Meat-Eating Pitcher Plants Discovered In Algonquin Park, Ontario

Eddie Gonzales Jr. – – A first for North America meat-eating pitcher plants have been discovered in Ontario’s Algonquin Park wetlands by biologists at the University of Guelph.

Researchers call the area – “Little Bog of Horrors” and the plants, they found there eat not only bugs but also young salamanders.

Pitcher plant with a trapped salamander inside of it. Credit: University of GuelphPitcher plant with a trapped salamander inside of it. Credit: University of Guelph

Pitcher plants growing in wetlands across Canada have long been known to eat creatures – mostly insects and spiders — that fall into their bell-shaped leaves and decompose in rainwater collected there.

But until now, no one had reported this salamander species caught by a pitcher plant in North America, including Canada’s oldest provincial park, a popular destination where the plants have been observed for hundreds of years.

“Algonquin Park is so important to so many people in Canada. Yet within the Highway 60 corridor, we’ve just had a first,” biologist Alex Smith said in a press release.

In summer 2017, then undergraduate student Teskey Baldwin found a salamander trapped inside a pitcher plant during a U of G field ecology course in the provincial park. Monitoring pitcher plants around a single pond in the park in fall 2018, the team found almost one in five contained the juvenile amphibians, each about as long as a human finger.

Several plants contained more than one captured salamander.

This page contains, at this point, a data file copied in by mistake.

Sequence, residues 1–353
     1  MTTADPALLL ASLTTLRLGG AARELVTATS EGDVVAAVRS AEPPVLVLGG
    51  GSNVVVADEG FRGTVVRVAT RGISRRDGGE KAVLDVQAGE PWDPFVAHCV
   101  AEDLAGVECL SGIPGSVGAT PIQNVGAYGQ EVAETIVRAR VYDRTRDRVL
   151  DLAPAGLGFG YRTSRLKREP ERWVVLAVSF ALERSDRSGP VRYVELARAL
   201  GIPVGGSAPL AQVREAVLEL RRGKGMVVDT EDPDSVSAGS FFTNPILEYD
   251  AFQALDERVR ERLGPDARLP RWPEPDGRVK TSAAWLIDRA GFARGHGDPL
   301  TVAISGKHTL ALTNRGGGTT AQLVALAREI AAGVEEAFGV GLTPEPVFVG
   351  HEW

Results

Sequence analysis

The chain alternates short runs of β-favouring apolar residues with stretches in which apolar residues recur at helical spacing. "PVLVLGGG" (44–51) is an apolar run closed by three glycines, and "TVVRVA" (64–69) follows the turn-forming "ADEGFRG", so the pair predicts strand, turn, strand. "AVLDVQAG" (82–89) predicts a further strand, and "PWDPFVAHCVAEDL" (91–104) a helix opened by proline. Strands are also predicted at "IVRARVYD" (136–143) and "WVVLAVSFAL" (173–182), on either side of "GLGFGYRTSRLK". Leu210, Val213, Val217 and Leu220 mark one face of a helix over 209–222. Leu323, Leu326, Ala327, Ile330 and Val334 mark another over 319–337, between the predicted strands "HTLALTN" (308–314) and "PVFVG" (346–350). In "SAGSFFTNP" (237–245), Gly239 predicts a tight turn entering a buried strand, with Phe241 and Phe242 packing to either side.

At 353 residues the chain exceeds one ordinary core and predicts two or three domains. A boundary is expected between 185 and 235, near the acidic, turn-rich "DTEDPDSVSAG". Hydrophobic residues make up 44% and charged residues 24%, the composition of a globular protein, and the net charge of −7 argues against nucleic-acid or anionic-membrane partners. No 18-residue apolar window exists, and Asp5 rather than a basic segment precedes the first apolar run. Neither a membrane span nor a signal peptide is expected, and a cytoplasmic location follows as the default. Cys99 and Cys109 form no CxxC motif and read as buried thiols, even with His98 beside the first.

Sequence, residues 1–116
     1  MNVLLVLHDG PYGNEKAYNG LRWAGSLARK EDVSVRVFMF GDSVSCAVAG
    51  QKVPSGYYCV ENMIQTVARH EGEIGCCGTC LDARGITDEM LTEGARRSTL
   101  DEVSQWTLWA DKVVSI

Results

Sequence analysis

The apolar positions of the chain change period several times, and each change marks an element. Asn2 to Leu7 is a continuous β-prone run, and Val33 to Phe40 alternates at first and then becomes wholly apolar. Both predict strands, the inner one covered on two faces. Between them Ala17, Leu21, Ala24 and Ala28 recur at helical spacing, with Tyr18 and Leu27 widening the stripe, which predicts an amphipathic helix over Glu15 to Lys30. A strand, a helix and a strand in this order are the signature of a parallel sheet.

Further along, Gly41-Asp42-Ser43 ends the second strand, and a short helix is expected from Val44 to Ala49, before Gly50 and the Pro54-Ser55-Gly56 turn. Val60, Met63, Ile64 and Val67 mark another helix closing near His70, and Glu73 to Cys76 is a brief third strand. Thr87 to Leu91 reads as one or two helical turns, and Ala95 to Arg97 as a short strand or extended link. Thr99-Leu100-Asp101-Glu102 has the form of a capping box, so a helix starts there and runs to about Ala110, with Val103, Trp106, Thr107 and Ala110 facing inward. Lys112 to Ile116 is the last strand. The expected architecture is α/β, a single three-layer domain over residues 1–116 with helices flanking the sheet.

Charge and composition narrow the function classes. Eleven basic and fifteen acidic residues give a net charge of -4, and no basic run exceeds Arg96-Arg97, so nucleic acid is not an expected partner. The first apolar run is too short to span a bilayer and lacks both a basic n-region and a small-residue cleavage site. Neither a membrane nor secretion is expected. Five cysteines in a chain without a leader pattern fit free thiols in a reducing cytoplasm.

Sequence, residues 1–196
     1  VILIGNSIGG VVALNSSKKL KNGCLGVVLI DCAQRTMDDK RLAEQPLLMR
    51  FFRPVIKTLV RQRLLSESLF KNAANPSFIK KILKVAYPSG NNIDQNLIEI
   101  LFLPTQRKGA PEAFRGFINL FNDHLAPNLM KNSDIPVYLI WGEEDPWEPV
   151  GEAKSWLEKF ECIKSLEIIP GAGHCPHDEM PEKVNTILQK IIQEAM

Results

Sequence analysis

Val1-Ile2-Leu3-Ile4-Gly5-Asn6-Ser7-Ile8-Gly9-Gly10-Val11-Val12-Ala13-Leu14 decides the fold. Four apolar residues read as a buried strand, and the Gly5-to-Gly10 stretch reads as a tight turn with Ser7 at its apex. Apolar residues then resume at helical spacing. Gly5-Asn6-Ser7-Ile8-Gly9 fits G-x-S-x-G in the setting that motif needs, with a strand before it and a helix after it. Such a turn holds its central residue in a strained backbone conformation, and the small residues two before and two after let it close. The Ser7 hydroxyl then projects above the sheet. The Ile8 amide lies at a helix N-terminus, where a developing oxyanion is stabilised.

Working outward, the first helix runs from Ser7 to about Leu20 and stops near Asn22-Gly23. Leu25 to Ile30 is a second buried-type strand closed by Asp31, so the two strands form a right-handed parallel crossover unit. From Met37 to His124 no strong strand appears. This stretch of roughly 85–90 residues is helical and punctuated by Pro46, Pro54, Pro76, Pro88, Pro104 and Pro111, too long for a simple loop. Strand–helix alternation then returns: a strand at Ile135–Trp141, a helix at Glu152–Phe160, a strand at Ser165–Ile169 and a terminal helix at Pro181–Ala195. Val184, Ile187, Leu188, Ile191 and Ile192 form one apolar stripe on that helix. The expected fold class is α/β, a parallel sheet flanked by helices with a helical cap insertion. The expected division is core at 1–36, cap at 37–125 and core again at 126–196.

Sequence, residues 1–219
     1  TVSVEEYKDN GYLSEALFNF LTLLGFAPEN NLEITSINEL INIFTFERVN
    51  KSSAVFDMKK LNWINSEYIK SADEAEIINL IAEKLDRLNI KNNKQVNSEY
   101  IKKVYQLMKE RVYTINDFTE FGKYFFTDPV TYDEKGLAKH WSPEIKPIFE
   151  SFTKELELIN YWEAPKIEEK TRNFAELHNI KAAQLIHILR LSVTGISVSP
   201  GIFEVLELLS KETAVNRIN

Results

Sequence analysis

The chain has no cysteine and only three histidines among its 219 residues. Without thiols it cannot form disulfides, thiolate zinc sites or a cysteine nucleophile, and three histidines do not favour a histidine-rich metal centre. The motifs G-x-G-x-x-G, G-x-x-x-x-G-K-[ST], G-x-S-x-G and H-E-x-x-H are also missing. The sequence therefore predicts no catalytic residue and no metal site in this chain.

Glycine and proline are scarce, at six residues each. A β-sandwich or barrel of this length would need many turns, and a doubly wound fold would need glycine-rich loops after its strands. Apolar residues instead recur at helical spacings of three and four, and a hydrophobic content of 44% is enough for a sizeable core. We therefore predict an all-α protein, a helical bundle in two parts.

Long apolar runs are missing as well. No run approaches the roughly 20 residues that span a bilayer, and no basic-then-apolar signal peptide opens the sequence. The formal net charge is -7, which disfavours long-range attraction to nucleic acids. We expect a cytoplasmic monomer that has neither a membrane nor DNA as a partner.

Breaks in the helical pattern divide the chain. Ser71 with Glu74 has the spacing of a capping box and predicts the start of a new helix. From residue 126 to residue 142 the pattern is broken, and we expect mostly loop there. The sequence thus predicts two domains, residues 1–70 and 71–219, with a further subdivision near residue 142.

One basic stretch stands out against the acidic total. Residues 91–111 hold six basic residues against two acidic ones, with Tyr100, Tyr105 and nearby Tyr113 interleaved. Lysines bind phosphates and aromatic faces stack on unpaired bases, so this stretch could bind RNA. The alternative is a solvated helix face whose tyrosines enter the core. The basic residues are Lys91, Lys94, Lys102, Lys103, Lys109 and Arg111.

Those observations coincided with “pulses” of young salamanders crawling onto land after changing from their larval state in the pond. Smith said these bog ponds lack fish, making salamanders a key predator and prey species in food webs. Some of the animals may have fallen into the plants, perhaps attracted by insect prey. Others may have entered the plants to escape predators. Some trapped salamanders died within three days, while others lived for up to 19 days.

Pitcher plants. Credit: University of GuelphPitcher plants. Credit: University of Guelph

Prey caught inside the plant’s specialized leaves is broken down by plant digestive enzymes and other organisms in the water held inside the leaf. Smith said other factors may kill salamanders in pitcher plants, including heat, starvation or infection by pathogens.

He said pitcher plants may have become carnivorous to gain nutrients, especially nitrogen, that are lacking in nutrient-poor bog soil.

Other flesh-eating plants grow in nutrient-poor environments around the world. They include sundews, which use their sticky leaves to catch insects, and the Venus flytrap, whose carnivory partly inspired the Seymour plant in the sci-fi musical Little Shop of Horrors.

Meat-eating pitcher plants have been known since the eighteenth century. One species discovered a decade ago in Asia consumes mostly insects and spiders but also captures small birds and mice.

Smith said the Algonquin Park discovery opens new questions for biologists. Are salamanders an important prey source for pitcher plants? Are the plants important “predators” of the amphibians? Might the salamanders compete with plants for insect prey — and even “choke” the plant?


Written by Eddie Gonzales Jr. – Staff Writer